I also installed three hundred solar systems lightening across Maiduguri, in selected areas like 505, Teacher’s Village, IDP camps and the rest. And I thank God the systems are still working right now. YEN: Basically you have three distinct careers: Engineering profession, humanitarian services, then into politics. Now, what inspired you to join politics? Zannah Ngamzaima: Actually I never dreamt of working as a civil servant right from the onset. My intension at first was to get little experience of the civil service so as to prepare myself. As an engineer, my interest is in pursuing my professional career to the utmost. But then, I also have so much passion for serving humanity particularly in active humanitarian services in areas such as we have in internal displacement today, though, I did not foresee a day like this when I ventured into politics. So it is simple: since I have deep passion for serving humanity, I was looking for a big way of doing that and therefore I was ready for anything. It was my belief that in politics I will have greater ways and opportunities of serving the people. It was sincerely this belief that guided my conviction to join politics in 1995.
And of course, I have achieved and done quite a lot. Let me give you an instance. While in politics, I was appointed council member of Federal University of Technology Yola, FUTY in 2004. In that capacity I worked tirelessly to influence the appointment of Professor Abdullahi Ribadu as the Vice Chancellor because of his firm belief in the cause of serving humanity. We knew he was going to impact positively on the lives of the people.
YEN: People believe that you play politics in the shadows. So by active politics, are you willing to contest in an election in the nearest future? Zannah Ngamzaima: I think you are not wrong but I believe in destiny. If that can be an opportunity to serve my people, why not? I will be very happy.
YEN: So simply, you are ready for anything in the future?
Zannah Ngamzaima: Absolutely.
YEN: Let’s come to your traditional title, how do you feel about it?
Zannah Ngamzaima: I am very happy and never felt as grateful as I was when the news reached me. It is a position I have never looked for. For reasons best known to the emirate council, and for which I am grateful, I was identified to take up the responsibilities of the office. So, actually I think, I am the happiest person right now. This has duly stimulated and encouraged me to do more.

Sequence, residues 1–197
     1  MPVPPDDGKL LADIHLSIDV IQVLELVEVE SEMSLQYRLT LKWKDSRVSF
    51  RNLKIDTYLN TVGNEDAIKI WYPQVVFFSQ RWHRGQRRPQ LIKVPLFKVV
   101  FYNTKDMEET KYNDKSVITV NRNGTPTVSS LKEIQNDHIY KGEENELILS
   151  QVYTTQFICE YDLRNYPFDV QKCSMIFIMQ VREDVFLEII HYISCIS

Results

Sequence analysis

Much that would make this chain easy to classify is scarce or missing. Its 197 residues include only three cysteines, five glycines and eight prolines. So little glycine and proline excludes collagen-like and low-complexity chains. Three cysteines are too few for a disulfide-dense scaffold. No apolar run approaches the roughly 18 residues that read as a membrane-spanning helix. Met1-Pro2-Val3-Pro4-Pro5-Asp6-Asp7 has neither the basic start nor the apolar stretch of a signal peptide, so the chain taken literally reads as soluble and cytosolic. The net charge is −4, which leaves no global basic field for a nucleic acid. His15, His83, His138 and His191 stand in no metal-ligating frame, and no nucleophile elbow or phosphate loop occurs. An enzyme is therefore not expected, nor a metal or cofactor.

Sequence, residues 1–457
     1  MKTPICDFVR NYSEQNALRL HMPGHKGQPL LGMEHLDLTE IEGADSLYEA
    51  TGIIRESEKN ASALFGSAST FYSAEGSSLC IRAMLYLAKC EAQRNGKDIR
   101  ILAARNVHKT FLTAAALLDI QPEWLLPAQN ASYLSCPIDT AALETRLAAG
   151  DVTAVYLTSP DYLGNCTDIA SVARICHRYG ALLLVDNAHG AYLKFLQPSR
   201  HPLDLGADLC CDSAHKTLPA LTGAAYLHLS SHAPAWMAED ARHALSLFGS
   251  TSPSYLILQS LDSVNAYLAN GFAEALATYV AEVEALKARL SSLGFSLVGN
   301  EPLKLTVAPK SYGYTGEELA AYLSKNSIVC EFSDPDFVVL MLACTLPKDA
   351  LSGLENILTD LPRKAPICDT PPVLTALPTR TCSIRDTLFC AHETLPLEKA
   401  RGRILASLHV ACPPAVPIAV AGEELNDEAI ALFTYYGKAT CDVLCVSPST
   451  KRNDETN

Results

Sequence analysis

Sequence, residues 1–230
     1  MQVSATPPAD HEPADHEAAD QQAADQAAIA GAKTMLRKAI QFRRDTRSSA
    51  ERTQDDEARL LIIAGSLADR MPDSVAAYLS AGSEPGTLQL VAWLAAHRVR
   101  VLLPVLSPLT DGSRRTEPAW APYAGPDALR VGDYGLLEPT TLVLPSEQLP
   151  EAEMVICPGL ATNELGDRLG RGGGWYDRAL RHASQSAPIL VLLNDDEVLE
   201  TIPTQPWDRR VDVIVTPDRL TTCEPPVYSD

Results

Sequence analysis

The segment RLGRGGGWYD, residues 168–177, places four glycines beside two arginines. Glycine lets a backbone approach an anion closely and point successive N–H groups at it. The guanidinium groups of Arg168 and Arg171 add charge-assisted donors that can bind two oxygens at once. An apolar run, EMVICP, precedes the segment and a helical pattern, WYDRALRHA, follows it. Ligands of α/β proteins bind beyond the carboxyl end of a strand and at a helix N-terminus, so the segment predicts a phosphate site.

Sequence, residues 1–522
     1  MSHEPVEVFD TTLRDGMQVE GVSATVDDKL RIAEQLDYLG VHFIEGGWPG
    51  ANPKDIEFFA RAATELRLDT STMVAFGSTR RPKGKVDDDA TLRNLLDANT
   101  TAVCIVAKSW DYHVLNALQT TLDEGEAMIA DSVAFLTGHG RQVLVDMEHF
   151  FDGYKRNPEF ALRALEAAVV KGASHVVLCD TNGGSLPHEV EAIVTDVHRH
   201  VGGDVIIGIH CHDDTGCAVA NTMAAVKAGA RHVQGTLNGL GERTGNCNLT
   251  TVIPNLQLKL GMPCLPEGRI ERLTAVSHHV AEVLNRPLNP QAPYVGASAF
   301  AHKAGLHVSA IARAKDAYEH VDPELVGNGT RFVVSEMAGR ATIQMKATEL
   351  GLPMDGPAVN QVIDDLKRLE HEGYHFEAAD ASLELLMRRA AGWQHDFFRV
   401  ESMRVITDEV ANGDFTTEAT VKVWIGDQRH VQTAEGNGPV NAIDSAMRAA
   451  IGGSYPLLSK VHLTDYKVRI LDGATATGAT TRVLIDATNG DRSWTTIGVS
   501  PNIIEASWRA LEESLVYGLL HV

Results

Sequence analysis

YEN: So it came to you as a surprise? Zannah Ngamzaima: Yes, it is a surprise especially that it coincided with my conferment of the Fellowship of Nigerian Society of Engineers. The message came to me the same night the conferment was going on and when it did, I was honestly speechless. YEN: What is the title about? What is the work of the office?
Zanna Ngamzaima: The office is simply responsible for administering the prisons.
YEN: So, what is the balance between what you do, professionally, politically, even also on the humanitarian front and the post, the office?
Zannah Ngamzaima: I want you to know that I don’t know the yardstick used by the Emirate Council to arrive at me. Like I have said, I prefer to identified, career-wise, as a humanitarian than any of the things I do. In essence, I engage in other things—I mean every other thing—only to afford myself enough resources, information and opportunities to invest in the cause. But you should also know that prison service is also part of humanitarian service. This may have been the reason I was appointed and whatever it may have been, I cannot be more grateful. His Eminence, the Shehu of Borno has added more responsibilities in the line for me possibly because of my contributions to the society and he still wants me to do more. In any case, this is a morale-boost for me and I am very determined about it. So by adding this, His Eminence has done justice, as is always typical of him.
YEN: ‘Humanitarian Engineer’, are you ready for the traditional life? I mean are you ready to add this to your professional, humanitarian and political career? Ngamzaima of Borno: The hardest of all these is politics, so if I can contain and manage all the hardships, the frustrations and then the intricacies involved, I see no reason why I cannot be able to cope with the other ones. So, I am confident, in sha Allah.
YEN: This is the first edition of Yerwa Express News and we are featuring you in the maiden ‘personality of the moment’, what message will you have for our readers?
Zannah Ngamzaima: Firstly, I want to congratulate you for this giant stride! I am particularly happy with the choice of name, Yerwa Express News, and I hope and believe that with Abdulhamid Al-Gazali as the editor-in-chief, Ibrahim Uba Yusuf and the rest on the board I expect nothing other than the best. It is heading towards successes God willing. And this will really be a channel for a better Borno and the nation at large. And lastly I want to advise you to keep the tempo and also don’t be too overzealous.
YEN: Thank you very much for your time, and I am sure our readers will be very grateful. Thank you.